Hospital Infection Control

Animals Visiting Healthcare Facilities

Animals Visiting Healthcare Facilities

What are the key concepts related to Animals Visiting Healthcare Facilities? 

Animals may be present in healthcare (AHC) for multiple reasons and their presence has increased in acute care hospitals and ambulatory medical settings. According to the Humane Society of the United States, pet ownership is common in the United States with 65% of US households reported including a pet; dogs and cats represented over 70% of household pets (dogs 40%, cats 32%, respectively).

Patients in healthcare facilities come into contact with animals primarily through the use of animals for animal-assisted activities (animal-assisted activities encompass “pet therapy,” “animal-assisted therapy,” and pet volunteer programs) and the use of service animals such as guide dogs for the sight impaired. Other reasons for contact with AHC include the use of animals in research, and personal pet visits to their owners in the hospital (personal pet visitation). Finally, animals may occasionally be used in healthcare facilities for other medical reasons, such as medicinal leeches and larva debridement therapy, educational purposes (e.g., zoo and farm animals), and decorative purposes (e.g., aquariums).

Risks to patients from exposure to animals in the healthcare setting may be associated with transmission of pathogens through direct or indirect contact or, less likely, droplet/aerosol transmission (See Table I). However, insufficient studies are available to produce generalizable, evidence-based recommendations and as a result, substantial variations exist in policies and practice across healthcare institutions. This chapter is condensed and updated from the SHEA Guidance Document “Animals in healthcare facilities: recommendations to minimize potential risks” and from a recent book chapter (Murthy RK, et al. 2017). Healthcare facilities should develop clear policies and practices related to animals to ensure the safety of patients, visitors, healthcare personnel (HCP), as well as that of the animals. 

Table I.

Summary of Animals in Healthcare Classification and Selected Recommendations (adapted from 2015 SHEA guidance document "Animals in HC: Recommendations to minimize potential risks".)

What principles need to be adhered to related to Animals Visiting Healthcare Facilities for effective infection control?

Healthcare facilities considering programs allowing animals develop and implement policies that include well-organized communication and education directed at HCP, patients, and visitors, for each of the major applicable categories: animal-assisted activities, service animals, research animals, and personal pet visitation.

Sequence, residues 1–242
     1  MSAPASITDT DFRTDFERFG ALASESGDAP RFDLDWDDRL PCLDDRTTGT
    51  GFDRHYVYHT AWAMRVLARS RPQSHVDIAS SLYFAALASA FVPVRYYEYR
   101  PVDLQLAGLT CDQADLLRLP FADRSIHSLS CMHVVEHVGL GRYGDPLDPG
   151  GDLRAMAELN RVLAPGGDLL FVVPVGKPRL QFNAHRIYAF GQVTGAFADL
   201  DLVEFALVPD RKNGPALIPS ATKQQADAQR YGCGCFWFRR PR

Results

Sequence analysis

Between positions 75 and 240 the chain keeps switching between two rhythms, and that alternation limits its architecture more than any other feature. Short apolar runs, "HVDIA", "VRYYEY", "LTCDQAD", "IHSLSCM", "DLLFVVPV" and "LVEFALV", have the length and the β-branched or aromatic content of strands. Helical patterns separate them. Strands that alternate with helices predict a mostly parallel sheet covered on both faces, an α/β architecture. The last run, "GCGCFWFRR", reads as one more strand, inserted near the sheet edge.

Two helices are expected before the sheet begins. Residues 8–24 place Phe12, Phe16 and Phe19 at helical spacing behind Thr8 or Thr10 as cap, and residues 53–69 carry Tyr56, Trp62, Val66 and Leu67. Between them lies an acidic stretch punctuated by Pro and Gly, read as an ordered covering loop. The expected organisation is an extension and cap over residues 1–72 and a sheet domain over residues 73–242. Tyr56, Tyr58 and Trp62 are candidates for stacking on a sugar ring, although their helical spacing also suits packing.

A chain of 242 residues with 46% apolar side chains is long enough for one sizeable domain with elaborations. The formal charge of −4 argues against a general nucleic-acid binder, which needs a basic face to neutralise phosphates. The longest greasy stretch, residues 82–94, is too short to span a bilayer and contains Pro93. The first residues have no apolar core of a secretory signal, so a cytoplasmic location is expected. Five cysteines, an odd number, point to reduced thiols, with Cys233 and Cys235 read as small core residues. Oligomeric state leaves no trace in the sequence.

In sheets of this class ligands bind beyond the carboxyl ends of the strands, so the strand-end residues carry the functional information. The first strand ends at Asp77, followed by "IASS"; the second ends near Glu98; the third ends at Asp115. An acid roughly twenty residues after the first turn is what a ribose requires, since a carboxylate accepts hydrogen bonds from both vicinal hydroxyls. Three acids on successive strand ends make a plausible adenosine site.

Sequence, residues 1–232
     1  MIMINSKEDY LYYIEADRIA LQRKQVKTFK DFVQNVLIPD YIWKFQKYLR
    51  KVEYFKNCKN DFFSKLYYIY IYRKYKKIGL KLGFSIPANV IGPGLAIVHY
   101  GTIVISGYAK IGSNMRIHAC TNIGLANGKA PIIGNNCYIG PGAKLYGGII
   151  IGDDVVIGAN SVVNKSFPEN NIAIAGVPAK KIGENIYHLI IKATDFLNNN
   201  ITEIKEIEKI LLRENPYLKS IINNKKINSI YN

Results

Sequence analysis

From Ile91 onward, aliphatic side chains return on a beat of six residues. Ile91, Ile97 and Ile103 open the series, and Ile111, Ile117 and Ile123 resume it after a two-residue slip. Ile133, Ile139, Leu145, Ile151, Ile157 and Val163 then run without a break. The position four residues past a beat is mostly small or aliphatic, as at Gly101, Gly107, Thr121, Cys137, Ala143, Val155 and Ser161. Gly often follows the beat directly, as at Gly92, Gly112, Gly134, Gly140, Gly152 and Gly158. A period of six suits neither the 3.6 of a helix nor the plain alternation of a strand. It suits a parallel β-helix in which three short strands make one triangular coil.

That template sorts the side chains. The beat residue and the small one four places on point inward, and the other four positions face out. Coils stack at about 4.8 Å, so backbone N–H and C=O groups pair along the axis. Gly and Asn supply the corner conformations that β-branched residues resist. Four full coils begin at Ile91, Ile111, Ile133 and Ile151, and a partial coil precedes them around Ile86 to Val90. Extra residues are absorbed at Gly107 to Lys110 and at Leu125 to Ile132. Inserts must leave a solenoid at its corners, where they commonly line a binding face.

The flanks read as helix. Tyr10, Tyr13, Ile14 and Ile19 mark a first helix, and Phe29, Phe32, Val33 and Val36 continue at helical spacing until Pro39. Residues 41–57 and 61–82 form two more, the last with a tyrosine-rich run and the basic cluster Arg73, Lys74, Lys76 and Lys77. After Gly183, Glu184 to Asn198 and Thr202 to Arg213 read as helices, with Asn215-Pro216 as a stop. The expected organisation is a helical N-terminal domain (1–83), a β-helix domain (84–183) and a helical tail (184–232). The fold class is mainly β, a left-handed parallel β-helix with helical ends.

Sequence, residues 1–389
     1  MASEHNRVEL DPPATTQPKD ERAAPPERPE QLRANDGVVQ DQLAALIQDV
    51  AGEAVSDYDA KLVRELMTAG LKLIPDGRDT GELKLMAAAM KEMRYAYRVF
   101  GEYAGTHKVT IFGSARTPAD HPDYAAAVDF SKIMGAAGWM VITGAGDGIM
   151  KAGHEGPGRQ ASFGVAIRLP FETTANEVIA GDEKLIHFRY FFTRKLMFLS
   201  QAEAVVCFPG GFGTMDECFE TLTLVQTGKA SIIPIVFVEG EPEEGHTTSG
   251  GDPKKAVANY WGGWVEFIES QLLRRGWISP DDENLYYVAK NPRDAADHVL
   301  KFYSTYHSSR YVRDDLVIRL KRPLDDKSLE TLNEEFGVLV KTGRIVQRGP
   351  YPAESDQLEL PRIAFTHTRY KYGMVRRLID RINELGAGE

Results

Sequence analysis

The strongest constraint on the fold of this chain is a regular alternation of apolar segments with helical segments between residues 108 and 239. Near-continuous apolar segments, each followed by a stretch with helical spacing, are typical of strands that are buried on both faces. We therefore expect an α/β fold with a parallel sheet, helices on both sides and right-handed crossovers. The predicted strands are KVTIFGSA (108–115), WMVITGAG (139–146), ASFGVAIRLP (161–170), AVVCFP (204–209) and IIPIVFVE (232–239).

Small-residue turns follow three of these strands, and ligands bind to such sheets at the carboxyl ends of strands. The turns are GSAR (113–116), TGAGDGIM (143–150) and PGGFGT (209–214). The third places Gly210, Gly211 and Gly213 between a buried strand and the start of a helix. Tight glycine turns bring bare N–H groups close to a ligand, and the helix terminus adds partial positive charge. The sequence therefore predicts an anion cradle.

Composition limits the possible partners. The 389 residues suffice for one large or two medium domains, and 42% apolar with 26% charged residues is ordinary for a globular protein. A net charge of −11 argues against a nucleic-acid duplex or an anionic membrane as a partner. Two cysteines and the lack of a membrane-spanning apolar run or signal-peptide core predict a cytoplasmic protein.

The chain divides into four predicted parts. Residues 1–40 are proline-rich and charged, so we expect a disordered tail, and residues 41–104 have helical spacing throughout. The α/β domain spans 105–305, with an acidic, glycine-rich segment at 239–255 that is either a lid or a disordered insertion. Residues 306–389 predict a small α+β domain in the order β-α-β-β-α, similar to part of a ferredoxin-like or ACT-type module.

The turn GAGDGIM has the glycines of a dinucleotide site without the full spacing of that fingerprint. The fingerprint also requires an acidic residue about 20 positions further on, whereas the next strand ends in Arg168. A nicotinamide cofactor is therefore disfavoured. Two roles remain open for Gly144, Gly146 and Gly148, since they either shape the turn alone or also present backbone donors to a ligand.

Although little published literature exists on this topic, the Society of Healthcare Epidemiology of America has recently issued an expert guidance document with specific recommends on the management of AHC in four categories as defined below (Table I represents a summary of key recommendations): 

  1. Animal-assisted activities (AAA): While these practices and their purposes may vary because these animals and their handlers are (or should be) specifically trained, they will be referred to as animal-assisted activities animals in this document.

  2. Service animals: specifically defined in the US under the Americans with Disabilities Act (ADA) 

  3. Research animals: animals approved for research by the facility’s Institutional Animal Care and Use Committee (IACUC) 

  4. Personal pet visitation: defined as a personal pet of a patient that is brought into the facility specifically to interact with that individual patient.

Key principles that should be outlined in policies and followed include:

  • Defining categories and types of animals permitted 

  • Specify ADA compliance requirements for service animals  

  • Oversight of AHC program and activities 

  • Minimal criteria for safe management of AHC

  • Training and health requirements for animals and handlers

  • Documentation of animal visits and contact tracing

  • Preparing animals for visits or criteria for discontinuing visits

  • Transportation of animals 

  • Locations or conditions where animals are not permitted 

  • Environmental control (animal hygiene, cleaning, waste disposal)

What are the key conclusions for available clinical trials or meta-analyses related to Animals Visiting Healthcare Facilities that guide infection control practice and opinion?

Scientific studies addressing the potential risks of animal to-human transmission of pathogens in the healthcare setting are limited in number and, because animals have generally been excluded from hospitals, the experience gained to date has been mainly from case reports and outbreak investigations. For example, human strains of methicillin-resistant Staphylococcus aureus (MRSA) have increasingly been described in cats, dogs, horses, and pigs, with animals potentially acting as sources of MRSA exposure in healthcare facilities. MRSA is just one of many potential pathogens; a wide range of pathogens exist, including common healthcare-associated pathogens (e.g., Clostridium difficile, multidrug-resistant enterococci), emerging infectious diseases (e.g., extended spectrum β-lactamase (ESBL)– producing Enterobacteriaceae), common zoonotic pathogens (e.g., Campylobacter, Salmonella, and dermatophytes), rare but devastating zoonotic pathogens (e.g., rabies virus), and pathogens associated with bites and scratches (e.g., Pasteurella spp., Capnocytophaga canimorsus, and Bartonella spp.).